Celebrating Innovation

Group Photo of 2017 Celebrating Innovation Award Winners

Worcester County Public Schools is leading innovation with excellence. In that spirit, the school system is continuing its recognition program for which all employees can apply! The program "Celebrating Innovation" seeks to recognize any school system employee who implements innovative practices and/or processes which lead to evidence-based improvement. Please access the application below, which defines innovation for the purpose of this program and provides applicants with application requirements. The application is designed to be easy, but please be aware that some changes have been made to this year's application.

Program FAQs

What does innovation mean?

Innovation exists when a new practice or process is implemented and it results in evidence-based improvement.

What is Meant by New?

A practice or process is new when it has not been previously implemented by its facilitator (applicant) and when it is not considered standard, customary, common, or expected in Worcester County Public Schools or at your school.

Can you be more specific about results?

The school system encourages creative ideas around practices and processes. When a creative idea leads to a new practice or process that results in measurable growth (evidence-based improvement), that practice or process qualifies for consideration in the Celebrating Innovation Recognition Program. In other words, innovation is more than just a great idea; it is a great idea that yields positive outcomes.


2018 Honorees

Anne Cook, an eighth grade Social Studies teacher at Stephen Decatur Middle School, reinvigorated field trip excursions with her students. By utilizing SDMS’s own Bulldog mobile application, students and their families became active participants in cataloging the trip’s activities by “checking in” at historical locations, taking photos and posting about their experiences. This fostered greater student and parent engagement with the trips’ lessons.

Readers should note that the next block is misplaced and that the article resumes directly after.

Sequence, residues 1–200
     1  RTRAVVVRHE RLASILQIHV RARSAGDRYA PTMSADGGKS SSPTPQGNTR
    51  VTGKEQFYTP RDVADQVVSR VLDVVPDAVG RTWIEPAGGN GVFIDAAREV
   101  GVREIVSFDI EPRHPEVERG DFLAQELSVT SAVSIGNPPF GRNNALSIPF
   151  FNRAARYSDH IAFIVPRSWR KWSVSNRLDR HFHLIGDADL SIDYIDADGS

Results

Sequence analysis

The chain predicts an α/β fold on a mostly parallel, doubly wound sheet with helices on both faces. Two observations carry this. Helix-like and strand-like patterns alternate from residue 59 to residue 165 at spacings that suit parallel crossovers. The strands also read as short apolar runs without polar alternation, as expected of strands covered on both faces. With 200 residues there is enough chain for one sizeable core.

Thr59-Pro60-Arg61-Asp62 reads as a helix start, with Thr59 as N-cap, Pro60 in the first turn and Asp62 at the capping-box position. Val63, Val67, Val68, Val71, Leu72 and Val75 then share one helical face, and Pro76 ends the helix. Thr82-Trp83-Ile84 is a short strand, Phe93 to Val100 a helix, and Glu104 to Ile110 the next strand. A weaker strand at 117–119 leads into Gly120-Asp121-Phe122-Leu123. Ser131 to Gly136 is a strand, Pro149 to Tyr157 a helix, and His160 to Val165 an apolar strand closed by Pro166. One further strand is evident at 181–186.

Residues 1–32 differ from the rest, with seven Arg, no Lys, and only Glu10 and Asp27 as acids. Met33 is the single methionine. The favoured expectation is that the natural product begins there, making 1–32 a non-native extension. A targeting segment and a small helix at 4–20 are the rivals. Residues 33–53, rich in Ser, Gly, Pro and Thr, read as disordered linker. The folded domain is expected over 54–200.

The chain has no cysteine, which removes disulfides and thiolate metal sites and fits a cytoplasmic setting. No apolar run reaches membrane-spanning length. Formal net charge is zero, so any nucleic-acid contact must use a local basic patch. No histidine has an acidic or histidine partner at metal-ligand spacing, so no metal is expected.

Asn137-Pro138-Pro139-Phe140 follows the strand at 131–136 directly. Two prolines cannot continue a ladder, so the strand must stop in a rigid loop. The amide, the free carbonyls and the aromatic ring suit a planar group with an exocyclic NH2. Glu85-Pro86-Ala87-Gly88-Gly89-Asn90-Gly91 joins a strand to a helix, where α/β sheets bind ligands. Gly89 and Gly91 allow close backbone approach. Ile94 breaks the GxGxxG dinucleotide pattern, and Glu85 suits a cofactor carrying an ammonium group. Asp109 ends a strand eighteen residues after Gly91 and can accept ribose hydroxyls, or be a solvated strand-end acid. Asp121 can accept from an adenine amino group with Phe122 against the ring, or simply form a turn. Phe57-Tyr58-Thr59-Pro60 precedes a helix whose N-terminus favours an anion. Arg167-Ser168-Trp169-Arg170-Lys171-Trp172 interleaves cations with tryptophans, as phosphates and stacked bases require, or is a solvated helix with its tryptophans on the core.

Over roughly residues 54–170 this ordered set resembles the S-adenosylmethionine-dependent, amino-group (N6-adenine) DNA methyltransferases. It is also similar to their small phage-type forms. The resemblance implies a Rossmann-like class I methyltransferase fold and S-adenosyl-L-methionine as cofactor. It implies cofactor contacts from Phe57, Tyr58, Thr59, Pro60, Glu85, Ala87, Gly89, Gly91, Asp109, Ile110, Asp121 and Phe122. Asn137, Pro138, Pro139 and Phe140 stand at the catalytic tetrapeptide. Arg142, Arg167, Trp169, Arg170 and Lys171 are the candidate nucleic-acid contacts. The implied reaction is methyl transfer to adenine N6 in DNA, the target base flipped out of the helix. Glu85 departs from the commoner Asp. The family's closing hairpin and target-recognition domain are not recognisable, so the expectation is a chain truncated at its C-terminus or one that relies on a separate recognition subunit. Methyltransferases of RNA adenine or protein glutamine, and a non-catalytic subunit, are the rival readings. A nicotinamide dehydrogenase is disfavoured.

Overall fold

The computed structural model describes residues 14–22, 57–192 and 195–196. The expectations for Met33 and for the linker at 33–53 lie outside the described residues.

Brian Cook, a sixth-grade ELA teacher at Pocomoke Middle School, designed a new afterschool program titled #EduDrones. The weekly afterschool program explored components of aeronautics and computer coding with Parrot Mambo drones. Students were able to design obstacle courses to scale using graph paper and actually build their courses for challenge courses for all students to fly through showing off each child's flying capabilities.

LaVerne Cray, Mary Anne Cooper, and Jen Spivey of Snow Hill Elementary School developed POP (Pause, Own it, Practice) meetings, which focused on strategies to develop social emotional wellness in their students. Through check in meetings with their teacher, skills lessons using curated literature and guided mindfulness, the POP meetings are making an impact on student discipline.

Chef Phillip Cropper, Culinary Arts teacher at Worcester Technical High School, implemented the use breakout boxes to enliven his instruction on pathogens and temperatures, a unit of study with which his students have struggled in the past. The breakout boxes required students to synthesize information found within the room to solve puzzles and problems to “break out” of the room and win. Student feedback was so positive that Chef Cropper has since developed three more lessons using this format.

A second-grade teacher at Buckingham Elementary School, April Eichelberger, found creative ways for her school to reduce its carbon footprint and become a Maryland Green School. Through her work, students were exposed to environmental science lessons as well as created service projects to benefit the environment. The lessons culminated in an afterschool event, Looking at Waste in a New Light, in which parents and the community were educated by the students on how by living sustainably, they can make a difference for the environment.

Pocomoke High School English teacher Nicholas Genovesi developed the school’s first-ever Literacy Night, which focused on celebrating all aspects of learning while offering a showcase of student work and performance. Through developing partnerships with local businesses and community organizations, the Literacy Night saw a rise in student, parent and community participation, with a majority of attendees expressing that they would like to attend more events like Literacy Night at the high school.

Worcester Technical High School Assistant Principal Thomas Hamill developed a practice designed to build awareness around teacher absence: sending “nudge letters”. Using comparative data from the AESOP system, the letters are designed to make teachers aware of patterns of absence as well as illustrate how their absences relate to overall averages. Since beginning this practice, WTHS has seen a 19% decrease in teacher absences from last year.